Because of my particular temperament, I  prefer taking jobs in high school, junior high, and occasionally the upper elementary grades.  I know that I wouldn’t be a particularly good kindergarten teacher, so I don’t take those jobs.  Other substitutes are more suited to younger kids and would be horrified at the prospect of teaching high school students.  The nice thing about subbing is that you can pick and choose.

One reason why I prefer high school and middle school is the fact that if I get a bad group of students, I know they’ll be gone in less than an hour.  I can put up with just about anything for an hour.  I rarely have miserable assignments, but it’s nice knowing that if I do, it’s of very short duration.

I have found that the principals, teachers, and all of the staff of the schools where I teach are genuinely happy to see me.  There is indeed a shortage of substitute teachers, and there are times when they need one but don’t get one.  When that happens, the other staff need to work harder.  The regular teachers often need to use their prep hour to cover another class, or the principal or another administrator needs to step in.  So when they see me, they’re happy to know that they don’t have to worry about the class that day.

Most times, the regular teacher leaves lesson plans.  This is often an activity where I need to do little more than hand out the assignment and sit back as the students do the work.  Many substitute teachers are happiest when they discover a lesson plan sitting on the desk.  On the other hand, I tend to enjoy the situations where there is no lesson plan and I’m left to fend for myself.  I consider myself a renaissance man, and I can always come up with something that ties in to what they’ve been studying, whether it’s math, English, social studies, science, or just about any other subject.  It’s my chance to pontificate, and yes, I enjoy showing off to the students that I can do the algebra problem and that, in fact, yes, we do algebra in the “real world” on a regular basis.

The most common question I’m asked about substitute teaching is how well the students behave.  Many adults recall their days as a student, and remember that when a substitute appeared in the room, the class erupted in chaos.

Thankfully, few days end like this. FEMA photo.

Thankfully, few days end like this. FEMA photo.

You will, indeed, experience chaotic situations from time to time as a substitute.  Some students will believe that they can get away with anything with the regular teacher gone, and they will try to do so.  However, by using a bit of common sense and displaying an aura of calm authority, most of these problems can be overcome quite easily.  Occasionally, it’s necessary to kick some student out of the room and refer him to the assistant principal or whoever deals with behavioral issues.  But this is actually quite rare, especially after students realize that you are willing to go to such extreme measures.  Typically, students will do their job with a minimum of prodding.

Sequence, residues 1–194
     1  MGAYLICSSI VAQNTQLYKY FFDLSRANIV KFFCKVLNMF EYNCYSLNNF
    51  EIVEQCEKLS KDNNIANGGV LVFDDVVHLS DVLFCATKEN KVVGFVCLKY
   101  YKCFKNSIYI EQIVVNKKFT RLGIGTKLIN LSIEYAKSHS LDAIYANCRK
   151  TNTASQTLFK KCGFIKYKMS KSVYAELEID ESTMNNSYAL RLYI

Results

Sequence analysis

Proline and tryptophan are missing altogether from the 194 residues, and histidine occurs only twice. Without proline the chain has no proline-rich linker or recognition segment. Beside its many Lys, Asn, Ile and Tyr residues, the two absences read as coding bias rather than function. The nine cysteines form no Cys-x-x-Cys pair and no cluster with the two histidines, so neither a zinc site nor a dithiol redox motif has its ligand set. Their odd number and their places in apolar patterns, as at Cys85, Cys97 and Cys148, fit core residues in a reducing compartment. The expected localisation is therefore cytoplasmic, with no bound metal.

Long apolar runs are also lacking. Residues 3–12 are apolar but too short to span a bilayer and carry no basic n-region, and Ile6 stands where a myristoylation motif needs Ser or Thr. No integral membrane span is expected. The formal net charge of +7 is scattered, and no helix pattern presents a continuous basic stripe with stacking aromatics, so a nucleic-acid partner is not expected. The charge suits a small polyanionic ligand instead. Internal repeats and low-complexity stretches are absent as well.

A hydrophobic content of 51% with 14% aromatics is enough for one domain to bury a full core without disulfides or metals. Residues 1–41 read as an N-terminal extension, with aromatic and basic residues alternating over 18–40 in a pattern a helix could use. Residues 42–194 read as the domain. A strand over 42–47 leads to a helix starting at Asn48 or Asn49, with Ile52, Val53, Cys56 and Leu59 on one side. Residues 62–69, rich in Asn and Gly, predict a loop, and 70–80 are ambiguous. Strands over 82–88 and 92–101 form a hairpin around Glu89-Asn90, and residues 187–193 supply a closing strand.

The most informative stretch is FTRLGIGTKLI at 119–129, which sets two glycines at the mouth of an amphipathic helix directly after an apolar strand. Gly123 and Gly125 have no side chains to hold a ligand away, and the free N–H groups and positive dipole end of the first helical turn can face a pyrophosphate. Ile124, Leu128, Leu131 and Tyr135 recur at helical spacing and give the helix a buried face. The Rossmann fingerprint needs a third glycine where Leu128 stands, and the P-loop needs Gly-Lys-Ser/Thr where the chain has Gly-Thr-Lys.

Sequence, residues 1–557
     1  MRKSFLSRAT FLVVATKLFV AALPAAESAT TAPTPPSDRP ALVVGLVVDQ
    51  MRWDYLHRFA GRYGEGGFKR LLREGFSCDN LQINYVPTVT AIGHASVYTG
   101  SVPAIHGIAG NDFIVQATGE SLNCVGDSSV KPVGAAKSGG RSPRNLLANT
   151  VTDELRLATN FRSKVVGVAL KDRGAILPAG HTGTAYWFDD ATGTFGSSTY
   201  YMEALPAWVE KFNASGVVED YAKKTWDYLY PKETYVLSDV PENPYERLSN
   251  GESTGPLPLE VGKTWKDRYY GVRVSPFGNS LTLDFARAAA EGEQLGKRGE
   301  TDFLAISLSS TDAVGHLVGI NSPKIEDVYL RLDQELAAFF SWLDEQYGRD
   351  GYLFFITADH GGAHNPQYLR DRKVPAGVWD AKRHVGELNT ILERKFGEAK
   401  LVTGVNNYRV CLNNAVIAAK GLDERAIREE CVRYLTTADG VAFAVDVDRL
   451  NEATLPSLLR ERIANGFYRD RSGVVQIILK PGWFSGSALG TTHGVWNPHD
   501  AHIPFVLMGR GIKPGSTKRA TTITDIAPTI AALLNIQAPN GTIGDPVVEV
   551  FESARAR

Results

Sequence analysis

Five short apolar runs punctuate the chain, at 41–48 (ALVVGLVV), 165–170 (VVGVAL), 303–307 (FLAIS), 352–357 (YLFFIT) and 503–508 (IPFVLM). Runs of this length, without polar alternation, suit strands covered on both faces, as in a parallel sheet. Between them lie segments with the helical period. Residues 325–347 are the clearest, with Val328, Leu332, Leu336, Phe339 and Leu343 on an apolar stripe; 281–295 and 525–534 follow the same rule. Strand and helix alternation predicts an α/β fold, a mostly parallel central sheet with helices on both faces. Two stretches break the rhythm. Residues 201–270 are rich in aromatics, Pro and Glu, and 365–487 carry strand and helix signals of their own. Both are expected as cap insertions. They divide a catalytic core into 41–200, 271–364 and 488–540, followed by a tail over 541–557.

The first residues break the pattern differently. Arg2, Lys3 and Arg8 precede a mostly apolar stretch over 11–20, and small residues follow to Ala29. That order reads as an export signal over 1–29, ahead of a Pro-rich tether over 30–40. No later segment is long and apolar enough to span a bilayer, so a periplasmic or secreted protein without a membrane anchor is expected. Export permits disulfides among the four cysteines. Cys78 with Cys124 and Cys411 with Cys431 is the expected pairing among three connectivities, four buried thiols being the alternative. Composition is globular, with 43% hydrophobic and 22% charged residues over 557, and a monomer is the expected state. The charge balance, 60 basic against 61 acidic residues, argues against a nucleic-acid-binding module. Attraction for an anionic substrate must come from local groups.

I’m also frequently asked whether substitutes need to understand the subject matter that they’re supposedly teaching.  The answer to this question is a resounding no.  The expectation is that the substitute will have absolutely no understanding of the subject matter.  If you maintain order for the day, you will be lauded for doing a great job.  You’re not actually expected to impart any knowledge to the students.

Having said that, my favorite part of the job is actually imparting knowledge, or at the very least showing off to the students that I actually understand the material.  So I take pride in explaining the causes of the Civil War on one day, and then applying the quadratic formula the next day.  The students are duly impressed, the teacher is pleasantly surprised to discover that the students actually learned something, and I’m probably requested the next time that teacher is absent.  But this is not the norm.  Normally, if the classroom is still standing at the end of the day, then you have done your job as a substitute, and everyone is happy.  So no, you do not need any particular knowledge of the subject matter in order to substitute teach.  Even if you have no idea what the quadratic formula is, you’ll still do fine teaching math classes.

Even in the worst classes (which are, thankfully, rare), it is clear that most of the students want to learn something.  It’s actually quite gratifying when a student thanks you at the end of class.  The rewards can come at unexpected times.  It’s not unusual to be teaching a history class and have a student ask if you can help with their math.  Occasionally, you’ll see that the student finally “gets it” after struggling with something for quite a while.  I’m not a better teacher than the regular teacher.  But I might bring a different approach that works better for one particular student.